Our SFMTA Wants to Claim It’s Increasing Parking Up at Twin Peaks, But It’s DECREASING Parking – One Simple Trick!

sfcitizen – excerpt

What the SFMTA’s Twin Peaks Figure 8 Redesign Project is a gonna do is get rid of these, these people from the top of Twin Peaks, particularly on busy dreaded sunny days, like this one…

Most of the tourists on top of that twin came from all the cars you can see on the left side. But all that parking is gone now, so tourists aren’t going to go to the top of Twin Peaks as much anymore.

What’s that, “good,” you say? Well OK, but why doesn’t the SFMTA just come out and say that? Instead, we get this:

Twin Peaks Figure 8 Redesign Project Frequently Asked Questions – April 8, 2016 version:

Will any parking be added or removed? No parking is being proposed for removal. Today, informal (illegal) parking takes place at the center of the Figure 8 and occasionally in the outer lane of the roadway. This project will formalize parking at both the center and south intersections, increasing the number of available stalls. Parking in the travel lane will no longer be possible.

So they’re not “removing parking,” they’re simply blocking cars from getting to the parking spaces? And you can’t park on the side of a highway in CA anymore, is that correct, really?

So the real answer to the question Will any parking be added or removed is:

Yes. Hell yes(more)

Merchant concerns only half of Muni battle

By Joe Fitzgerald Rodriguez : sfexaminer – excerpt

On the surface, a meeting in the Mission District on Monday night was meant for the community to weigh in on new “red carpet” bus-only lanes on Mission Street. The lanes rolled out in February and stretch from 14th to 30th streets.

But the meeting exploded.

“A woman got hit by a car on Cesar Chavez!” shouted Roberto Hernandez, a community advocate often called the “Mayor of the Mission.”

Hernandez decried transit officials for allowing the new red lanes to cause traffic mayhem, not reaching out enough to residents and for hurting small businesses in his life-long home.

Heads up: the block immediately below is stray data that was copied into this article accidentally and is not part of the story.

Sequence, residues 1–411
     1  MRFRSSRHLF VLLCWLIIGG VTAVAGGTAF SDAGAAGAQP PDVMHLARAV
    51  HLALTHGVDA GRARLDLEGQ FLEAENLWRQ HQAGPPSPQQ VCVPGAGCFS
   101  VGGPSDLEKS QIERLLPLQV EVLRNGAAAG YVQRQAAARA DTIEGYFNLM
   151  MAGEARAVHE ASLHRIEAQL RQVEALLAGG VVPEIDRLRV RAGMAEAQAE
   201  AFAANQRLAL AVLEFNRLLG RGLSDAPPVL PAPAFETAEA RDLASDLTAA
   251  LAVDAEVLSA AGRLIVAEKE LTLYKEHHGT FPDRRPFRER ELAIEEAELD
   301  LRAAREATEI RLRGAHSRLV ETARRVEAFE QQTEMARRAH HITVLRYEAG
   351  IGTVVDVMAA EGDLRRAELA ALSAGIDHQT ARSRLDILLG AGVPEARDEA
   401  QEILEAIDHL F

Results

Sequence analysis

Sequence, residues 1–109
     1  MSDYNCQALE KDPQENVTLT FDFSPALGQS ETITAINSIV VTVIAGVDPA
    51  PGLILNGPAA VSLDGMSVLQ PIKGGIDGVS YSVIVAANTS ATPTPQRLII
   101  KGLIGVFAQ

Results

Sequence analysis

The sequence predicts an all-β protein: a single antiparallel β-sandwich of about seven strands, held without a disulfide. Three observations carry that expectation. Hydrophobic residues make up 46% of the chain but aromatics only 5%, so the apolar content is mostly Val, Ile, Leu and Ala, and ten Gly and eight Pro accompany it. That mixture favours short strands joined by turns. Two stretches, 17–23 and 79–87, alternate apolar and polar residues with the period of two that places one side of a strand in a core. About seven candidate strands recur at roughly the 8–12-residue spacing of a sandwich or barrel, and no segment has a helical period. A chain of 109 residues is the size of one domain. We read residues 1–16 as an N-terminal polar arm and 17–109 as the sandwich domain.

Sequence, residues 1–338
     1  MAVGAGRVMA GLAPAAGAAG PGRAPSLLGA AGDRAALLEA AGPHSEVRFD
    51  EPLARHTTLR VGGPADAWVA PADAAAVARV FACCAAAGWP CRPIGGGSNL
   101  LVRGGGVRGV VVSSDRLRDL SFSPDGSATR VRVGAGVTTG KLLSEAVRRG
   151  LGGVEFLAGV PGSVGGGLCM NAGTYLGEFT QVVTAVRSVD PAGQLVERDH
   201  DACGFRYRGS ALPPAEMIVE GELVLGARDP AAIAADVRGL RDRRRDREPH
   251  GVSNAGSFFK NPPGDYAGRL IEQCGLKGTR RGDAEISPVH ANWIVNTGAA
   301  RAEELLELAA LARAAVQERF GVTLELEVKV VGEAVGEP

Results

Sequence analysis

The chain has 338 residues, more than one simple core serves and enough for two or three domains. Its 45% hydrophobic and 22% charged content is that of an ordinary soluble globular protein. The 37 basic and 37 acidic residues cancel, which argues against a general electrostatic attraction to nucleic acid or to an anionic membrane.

Half of the meeting’s 200 attendees cheered in support. The other half howled for Hernandez to stop.

In the crowd, two men stood within a few inches of each other’s faces, pointing and shouting.

This same scene has played out at recent Geary Boulevard and Taraval Street transportation meetings and may soon play out at West Portal, too.

Merchants from those neighborhoods were present for the Mission meeting as well.

A tide of merchant and neighborhood resentment is rising against the San Francisco Municipal Transportation Agency — and they’re now banding together for support.

“I think it’s real clear a citywide coalition is in the formation and building to really address how we need to put a stop to the way [the SFMTA] is planning,” Hernandez told the San Francisco Examiner on Wednesday.

And in small ways, those merchants are winning… (more)

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Red light tickets thrown out in San Mateo: City to reimburse 948 tickets issued over 45 days because cameras, signals in violation of new state laws

By Samantha Weigel : smdailyjournal – excerpt

Nearly 1,000 drivers who received a ticket for running a red light in San Mateo will be given a free pass after two of the city’s red light cameras and traffic signals were found to be in violation of new state laws.

The police department will toss out 948 tickets issued between Aug. 1 and Oct. 15 after a San Mateo County Superior Court judge sided with a Burlingame man who received a ticket and sparked an NBC Bay Area investigation.

Carrying a hefty $540 fine, the city will dismiss $511,920 worth of tickets after staff failed to increase the yellow light times per new regulations in the California Manual on Uniform Traffic Control Devices.